Those prices at the pump could make any of us wish we had an oil goldmine in our backyards, but that wish may not too far off the mark in Nevada. Geologists think there could be billions of gallons of oil under Nevada's deserts. If so, why hasn't anyone found it? Eyewitness News has reported in past years about Nevada's petroleum potential.
As the price of crude has passed $60 and then $70 a barrel, companies have been gobbling up the mineral rights to vast tracts of government land here. So, when are they going to start drilling?
On certain outcroppings in central Nevada, you can pick up a rock, bust it open, and literally smell petroleum, or something like it. Deposits of chainman shale are thicker there than anywhere outside of Saudi Arabia and Kuwait. As far back as 1905, Nevadans were touting our state's oil potential.
Alan Coyner, with the Nevada Commission on Mineral Resources, said, "We have an established track record for oil production in this state and people know that."
State minerals chief Alan Coyner is bullish on Nevada's oil potential, and with good reason. The single most productive oil well in the nation sits in Nevada's Railroad Valley. The Grant Canyon well peaked at 4,000 barrels per day -- more than 40 million barrels overall -- and is still pumping decades later.
Other pools of oil have been found in Railroad Valley but nothing like Grant Canyon, and as it's output has lessened, so has the state's, dropping from more than 3.5 million barrels per year to less than 500,000 barrels today.
In spite of this trend, the buzz has never been bigger. Last year's discovery of a billion-barrel field in neighboring Utah has would-be oil barons licking their chops. Four times each year, the Bureau of Land Management holds public auctions where wannabe wildcatters can be for the mineral rights on government land. The minimum bid is 2 bucks per acre, but spirited competition can drive the price much higher.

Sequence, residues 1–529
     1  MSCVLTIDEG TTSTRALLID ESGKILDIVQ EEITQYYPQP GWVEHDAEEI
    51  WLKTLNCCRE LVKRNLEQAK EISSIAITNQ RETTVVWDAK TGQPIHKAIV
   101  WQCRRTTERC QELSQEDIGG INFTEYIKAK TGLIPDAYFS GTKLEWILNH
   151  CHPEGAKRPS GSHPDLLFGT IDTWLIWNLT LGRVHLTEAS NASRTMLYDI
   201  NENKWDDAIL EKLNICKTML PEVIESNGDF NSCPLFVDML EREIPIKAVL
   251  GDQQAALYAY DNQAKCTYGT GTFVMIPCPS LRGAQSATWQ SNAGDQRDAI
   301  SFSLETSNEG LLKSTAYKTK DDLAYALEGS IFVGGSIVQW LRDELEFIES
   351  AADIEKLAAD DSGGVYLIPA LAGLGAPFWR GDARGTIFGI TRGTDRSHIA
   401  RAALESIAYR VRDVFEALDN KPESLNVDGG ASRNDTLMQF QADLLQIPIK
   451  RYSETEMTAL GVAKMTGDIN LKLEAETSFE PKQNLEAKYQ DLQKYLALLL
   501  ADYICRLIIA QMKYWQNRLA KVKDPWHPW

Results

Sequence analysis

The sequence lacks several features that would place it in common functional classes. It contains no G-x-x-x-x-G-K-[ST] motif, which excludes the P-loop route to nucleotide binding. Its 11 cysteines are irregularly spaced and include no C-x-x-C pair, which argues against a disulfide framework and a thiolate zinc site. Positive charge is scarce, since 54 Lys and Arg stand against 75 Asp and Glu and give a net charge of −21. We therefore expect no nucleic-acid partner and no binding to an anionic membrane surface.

It's a fascinating process, for the gamesmanship if nothing else. Bidders play their cards close to their chests. Since anyone can nominate a parcel to the auction, cagey oilmen have been known to pad the auction list with less desirable parcels as distractions for the competition.
Of all the bidders during this recent auction, only one was willing to talk about his plans. "This is a fun hobby. It's a grown-up treasure hunt," said Curt Rosen, a Michigan oil investor.
Rosen got the oil bug many years ago and when a $360 investment ended up paying him 7 figures per year for several years, he was hooked. On the day we saw him, he picked up 300 acres of BLM land.
George Knapp: "What's next with your parcels?"
Curt Rosen: "I'm going to sit on them and accumulate more."
Oil speculators lease the rights to large chunks of land in hopes that someone bigger will come along and buy them out or cut them in. Few of them are interested in the risks of paying to drill themselves. Only three new drilling permits have been approved by the state this year. None of the three has started drilling. One reason is geology.
Nevada's twisted and fractured geology makes it very tough to find the oil that everyone believes is down there, and far more expensive than drilling somewhere else. Although the potential is enormous, the big oil companies find it cheaper to drill in, say, Indonesia.
Alan Coyner continued, "It's tough to explore for oil here. The faulting and geothermal activity creates a difficult situation in the search for oil."
So it's left to the little guys, the dreamers, to roll the dice and hope for a score. And if one of these Rockefellers-in-waiting does find oil, the big companies will come calling.
Curt Rosen added, "It's a poker game without the house taking a percentage. Mother Nature is the house."
Another factor in a lack of drilling here is a shortage of drilling rigs. With so much new drilling elsewhere, Nevada doesn't have enough rigs since we're a long way from the centers of oil productions. These rigs can cost up to $100,000 a day to lease. The same rigs are needed for geothermal exploration. One of these days, though, someone will hit a pool here and the shortage will vanish.
Email investigative reporter George Knapp at firstname.lastname@example.org
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